Considering being elementary teacher- Help me Decide

Discussion in 'Elementary Education' started by Frida Gee, May 14, 2019.

  1. Frida Gee

    Frida Gee New Member

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    May 14, 2019

    I'm considering applying to grad school to be an elementary school teacher. One of our friends is a high school principal is trying to convince/ scare me out of it. So from you actual teachers- Convince me or don't to apply to be an elementary school teacher.
     
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  3. CherryOak

    CherryOak Companion

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    May 15, 2019

    Is the decision you're facing about teaching or secondary vs. elementary?
     
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  4. Joyful!

    Joyful! Habitué

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    May 15, 2019

    Why do you want to be a teacher? Do you know how much work is involved? What kind of undergrad degree did you earn? What would you do if you elect not to pursue teaching?
     
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  5. readingrules12

    readingrules12 Fanatic

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    May 18, 2019

    I believe some things in life are highly personal--what person to marry, what house to live in, and what career to choose. Teaching is a career that some love (such as myself) and some can't wait to find the exit sign.

    Most of the best parts of teaching come from personal choices that teachers make themselves. They find unique ways to make a difference and ways to make teaching fun for themselves, their colleagues, and their students. I have found that those who don't have much initiative and like to be told what to do all the time, might enjoy a different occupation. Oh they can "succeed" in teaching, but they will find many of its challenges and opportunities for improvement to feel like burdens.

    Some helpful skills to develop when you are in college are: public speaking, problem solving, leadership, risk taking, working with a variety of people, and a love for learning.

    Good luck!
     
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  6. vickilyn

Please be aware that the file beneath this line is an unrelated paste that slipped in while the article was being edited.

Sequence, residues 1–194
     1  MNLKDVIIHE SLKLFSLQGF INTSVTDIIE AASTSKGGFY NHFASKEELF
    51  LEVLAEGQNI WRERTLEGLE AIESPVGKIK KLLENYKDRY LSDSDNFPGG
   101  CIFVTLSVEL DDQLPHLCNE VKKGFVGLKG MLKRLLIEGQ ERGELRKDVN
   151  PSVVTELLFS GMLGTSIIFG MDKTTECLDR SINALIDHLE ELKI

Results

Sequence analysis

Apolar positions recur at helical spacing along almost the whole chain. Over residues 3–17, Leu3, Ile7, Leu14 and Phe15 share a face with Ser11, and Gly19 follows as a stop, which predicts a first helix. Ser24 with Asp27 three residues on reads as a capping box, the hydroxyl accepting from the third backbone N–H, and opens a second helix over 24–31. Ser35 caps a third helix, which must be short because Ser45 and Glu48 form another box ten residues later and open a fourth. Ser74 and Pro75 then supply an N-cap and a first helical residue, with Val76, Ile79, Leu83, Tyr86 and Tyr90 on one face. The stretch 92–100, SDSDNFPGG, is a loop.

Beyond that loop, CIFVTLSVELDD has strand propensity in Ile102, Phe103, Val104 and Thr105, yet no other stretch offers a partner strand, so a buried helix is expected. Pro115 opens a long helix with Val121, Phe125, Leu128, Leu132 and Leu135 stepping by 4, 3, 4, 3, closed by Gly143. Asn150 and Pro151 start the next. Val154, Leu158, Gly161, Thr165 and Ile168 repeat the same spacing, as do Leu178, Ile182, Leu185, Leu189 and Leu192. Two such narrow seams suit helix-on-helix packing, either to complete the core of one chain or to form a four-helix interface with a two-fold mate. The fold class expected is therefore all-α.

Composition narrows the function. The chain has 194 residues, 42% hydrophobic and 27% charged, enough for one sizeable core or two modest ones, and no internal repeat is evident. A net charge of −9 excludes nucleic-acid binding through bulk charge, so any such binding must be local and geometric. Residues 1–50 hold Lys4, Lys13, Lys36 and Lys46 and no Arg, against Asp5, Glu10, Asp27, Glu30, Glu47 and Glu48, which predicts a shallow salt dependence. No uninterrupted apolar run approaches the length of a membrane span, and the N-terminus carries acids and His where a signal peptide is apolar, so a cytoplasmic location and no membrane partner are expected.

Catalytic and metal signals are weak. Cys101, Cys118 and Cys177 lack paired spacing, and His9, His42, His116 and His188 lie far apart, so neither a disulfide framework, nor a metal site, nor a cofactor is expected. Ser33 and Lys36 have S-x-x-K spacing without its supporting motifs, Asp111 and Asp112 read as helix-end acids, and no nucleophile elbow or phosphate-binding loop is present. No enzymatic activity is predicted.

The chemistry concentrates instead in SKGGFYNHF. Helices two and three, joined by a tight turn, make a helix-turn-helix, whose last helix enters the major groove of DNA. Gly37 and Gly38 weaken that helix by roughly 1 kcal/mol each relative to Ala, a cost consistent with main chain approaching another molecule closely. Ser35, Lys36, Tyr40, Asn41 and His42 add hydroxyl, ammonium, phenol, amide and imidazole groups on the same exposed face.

vickilyn Guru

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    May 18, 2019

    I would throw out a few things to consider:
    1. It's hard enough to do the job even if you feel that this is the job of your dreams. Getting an undergraduate degree in something other than teaching makes me think you don't fit into this category.
    2. Elementary education jobs are among the most saturated in terms of number of applicants vs. number of jobs. If you doubt that, read through some of the Elem. Ed. threads.
    3. Getting a job is a first step, to be sure, but keeping the job is actually much harder. Until you have tenure, if in a tenure state, it is possible to be let go because you are not a good fit, which means for vague reasons.
    4. For most teachers, we earn a master's degree to strengthen our skill sets or add skill sets beyond the basics - think SPED, or ESL as two examples. Going just to acquire the education basics really makes more sense (to me) when you have strong content knowledge, which will tend to make you more desirable as an applicant. Elementary education doesn't fall into that category.
    5. Contrary to popular opinion, teachers work more behind the scenes and after the bell rings than most people could imagine. If it is all you ever wanted to do, then it is much less likely to cause stress and resentment, because you realize that you are learning, too. Teachers also tend to take classes in the summer to become a better teacher, so your summer isn't totally free, as many assume.
    6. Similarly, you spend many hours every week in lesson planning, grading, lesson prep, and the list goes on.
    7. You may not get your "dream job" - you may work in a school that tries your patience, is a longer drive from your home, and not at the top of the pay scale. There is a reason why 50% of all teachers who enter the field have left the profession by year five.
    8. You will be taking on college debt (probably) just to get the basics, with no guarantee that you will find a job. Once again, if you read through the job seeker posts/threads, you will hear the horror stories of teacher applicants who, at best, can only find jobs as a sub. That is a job that won't pay a living wage (with a couple of exceptions).
    9. If the state you are in offers the possibility of going Alternate Route without earning the master's, that may have a real upside to it - no college loans to pay off. As a teacher with a job, later on you may be eligible for tuition reimbursement, making graduate school on the employer's dime so much more efficient.
    10. Some of the hardest elements of teaching is dealing with the parents, and/or having the parents assume you are to blame if their "brilliant" child is not getting straight A's. Some teachers are overwhelmed by communications with parents and the resulting scrutiny of administration.
    I freely admit to coming into teaching as an AR candidate, but I had strong science skill sets that gave me varied opportunities. I have continued to take grad courses to become an even better teacher, but I haven't acquired any tuition debt to learn. Before jumping in to get your master's, why not sub and make sure this is the job you want? Most states hire subs who aren't certified teachers, but have a degree. It might save you time and money.
     
    Last edited: May 18, 2019
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